Scientists already knew light could be slowed temporarily. Photons change speeds as they pass through glass or water, but when they exit the other side and return to a vacuum (like outer space) they speed back up.
In a new experiment at the University of Glasgow, however, scientists were able to permanently manipulate light's speed by passing photons through a device that alters their structure. The device, created in collaboration with researchers at Heriot-Watt University in Edinburgh, is a filter of sorts that the scientists refer to as a mask.
"That mask looks a little bit like a bull's-eye target," researcher Miles Padgett told reporters. "And that mask patterns the light beam, and we show that it's the patterning of the light beam that slows it down.
"But once that pattern has been imposed, even now the light is no longer in the mask, it's just propagating in free space, the speed is still slow," Padgett added.
In other words, the beam of light is reorganized in a way that slows down each individual photon. When tested in a vacuum next to a regular light beam.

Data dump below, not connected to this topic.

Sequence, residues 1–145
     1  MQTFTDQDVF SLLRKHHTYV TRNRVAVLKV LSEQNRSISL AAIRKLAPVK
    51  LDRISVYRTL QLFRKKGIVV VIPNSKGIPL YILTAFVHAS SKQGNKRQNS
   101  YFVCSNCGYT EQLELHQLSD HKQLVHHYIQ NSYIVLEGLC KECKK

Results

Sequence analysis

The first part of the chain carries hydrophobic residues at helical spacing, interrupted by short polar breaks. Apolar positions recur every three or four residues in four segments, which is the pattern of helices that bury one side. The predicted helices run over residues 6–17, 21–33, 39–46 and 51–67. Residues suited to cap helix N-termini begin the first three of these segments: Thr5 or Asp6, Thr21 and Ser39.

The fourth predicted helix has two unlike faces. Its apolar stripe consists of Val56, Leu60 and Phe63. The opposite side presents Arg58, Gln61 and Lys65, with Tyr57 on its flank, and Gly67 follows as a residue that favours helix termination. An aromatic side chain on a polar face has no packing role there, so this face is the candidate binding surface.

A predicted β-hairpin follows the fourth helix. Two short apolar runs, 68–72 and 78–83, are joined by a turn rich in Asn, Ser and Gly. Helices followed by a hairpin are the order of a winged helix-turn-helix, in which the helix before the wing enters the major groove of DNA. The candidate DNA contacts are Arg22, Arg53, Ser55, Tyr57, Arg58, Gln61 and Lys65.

Photons that had been filtered through mask were milliseconds behind in a sprint to the end of the vacuum racetrack.
Researchers, whose latest work was published this week in the journal Science Express, say the findings prove the speed of light is not an absolute, more like a ceiling.
"The exciting discovery here is that this speed is the true speed of light only for plane waves, that is waves that are perfectly flat."
"In everyday situations however, we interact with light that is not a plane wave but has some kind of structure on it."
"The presence of this structure (think of the light beam emitted from a laser pointer) forces the light to actually move slower."
"There are lots of technicalities involved in the actual experiments used to measure this slow-down, but the result is widely applicable. A very appropriate discovery for the 2015 international year of light".
Professor Padgett added, “It might seem surprising that light can be made to travel more slowly like this, but the effect has a solid theoretical foundation and we’re confident that our observations are correct.
“The results give us a new way to think about the properties of light and we’re keen to continue exploring the potential of this discovery in future applications."
"We expect that the effect will be applicable to any wave theory, so a similar slowing could well be created in sound waves, for example.”
Spatially structured photons that travel in free space slower than the speed of light - Science Magazine January 22 2015 - Science DOI: 10.1126/science.aaa3035